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Related in: MedlinePlus

Scatter plot and linear fit for the composite normalized housing condition index (HCI) versus the percentage of households with no piped water inside the home, for neighborhoods with cases of dengue (red circle) and without dengue (black triangle) in Machala in 2010.
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Fig3: Scatter plot and linear fit for the composite normalized housing condition index (HCI) versus the percentage of households with no piped water inside the home, for neighborhoods with cases of dengue (red circle) and without dengue (black triangle) in Machala in 2010.

Mentions: Parameter estimates and 95% confidence intervals (CI) were calculated for variables in the top ranked model (Table 2 Model A). Variance inflation factors (VIF) were calculated to assess multi-colinearity and model dispersion. We found that inclusion of the parameters for housing condition and piped water together led to overdispersion and highly inflated variance in the best-fit model (Table 2 Model B). Based on the strong linear correlation between housing condition and access to piped water (Figure 3), we replaced these variables with the residuals of housing condition regressed on access to piped water, and re-ran glmulti to identify the best-fit model. The inclusion of this variable enabled testing for the effect of housing condition beyond that which was explained only by access to piped water.Table 2


Spatiotemporal clustering, climate periodicity, and social-ecological risk factors for dengue during an outbreak in Machala, Ecuador, in 2010.

Stewart-Ibarra AM, Muñoz ÁG, Ryan SJ, Ayala EB, Borbor-Cordova MJ, Finkelstein JL, Mejía R, Ordoñez T, Recalde-Coronel GC, Rivero K - BMC Infect. Dis. (2014)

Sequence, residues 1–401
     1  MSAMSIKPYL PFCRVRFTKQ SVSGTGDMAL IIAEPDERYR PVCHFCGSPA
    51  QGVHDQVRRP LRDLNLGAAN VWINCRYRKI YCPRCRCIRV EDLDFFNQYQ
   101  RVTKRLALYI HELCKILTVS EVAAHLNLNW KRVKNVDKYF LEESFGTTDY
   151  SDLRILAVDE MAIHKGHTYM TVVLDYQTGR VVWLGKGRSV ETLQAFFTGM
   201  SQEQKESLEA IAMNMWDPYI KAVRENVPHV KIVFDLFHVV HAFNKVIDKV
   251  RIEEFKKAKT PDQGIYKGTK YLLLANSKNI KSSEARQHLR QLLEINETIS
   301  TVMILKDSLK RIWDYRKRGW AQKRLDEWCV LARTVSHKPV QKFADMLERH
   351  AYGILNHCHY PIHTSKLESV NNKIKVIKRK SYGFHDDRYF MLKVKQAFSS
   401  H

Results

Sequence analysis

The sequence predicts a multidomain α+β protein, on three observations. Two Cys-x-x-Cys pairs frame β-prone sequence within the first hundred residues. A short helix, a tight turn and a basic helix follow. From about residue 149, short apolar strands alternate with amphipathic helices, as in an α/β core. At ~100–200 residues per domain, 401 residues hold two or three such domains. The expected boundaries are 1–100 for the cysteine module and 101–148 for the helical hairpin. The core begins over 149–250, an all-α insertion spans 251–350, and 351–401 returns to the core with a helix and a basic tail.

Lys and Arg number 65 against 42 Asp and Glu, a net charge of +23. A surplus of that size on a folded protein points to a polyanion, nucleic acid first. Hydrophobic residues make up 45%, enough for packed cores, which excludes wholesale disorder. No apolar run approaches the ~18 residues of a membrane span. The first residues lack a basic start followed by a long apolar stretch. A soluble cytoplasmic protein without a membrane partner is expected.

Scatter plot and linear fit for the composite normalized housing condition index (HCI) versus the percentage of households with no piped water inside the home, for neighborhoods with cases of dengue (red circle) and without dengue (black triangle) in Machala in 2010.
© Copyright Policy - open-access
Related In: Results  -  Collection

License 1 - License 2
Show All Figures
getmorefigures.php?uid=PMC4264610&req=5

Fig3: Scatter plot and linear fit for the composite normalized housing condition index (HCI) versus the percentage of households with no piped water inside the home, for neighborhoods with cases of dengue (red circle) and without dengue (black triangle) in Machala in 2010.
Mentions: Parameter estimates and 95% confidence intervals (CI) were calculated for variables in the top ranked model (Table 2 Model A). Variance inflation factors (VIF) were calculated to assess multi-colinearity and model dispersion. We found that inclusion of the parameters for housing condition and piped water together led to overdispersion and highly inflated variance in the best-fit model (Table 2 Model B). Based on the strong linear correlation between housing condition and access to piped water (Figure 3), we replaced these variables with the residuals of housing condition regressed on access to piped water, and re-ran glmulti to identify the best-fit model. The inclusion of this variable enabled testing for the effect of housing condition beyond that which was explained only by access to piped water.Table 2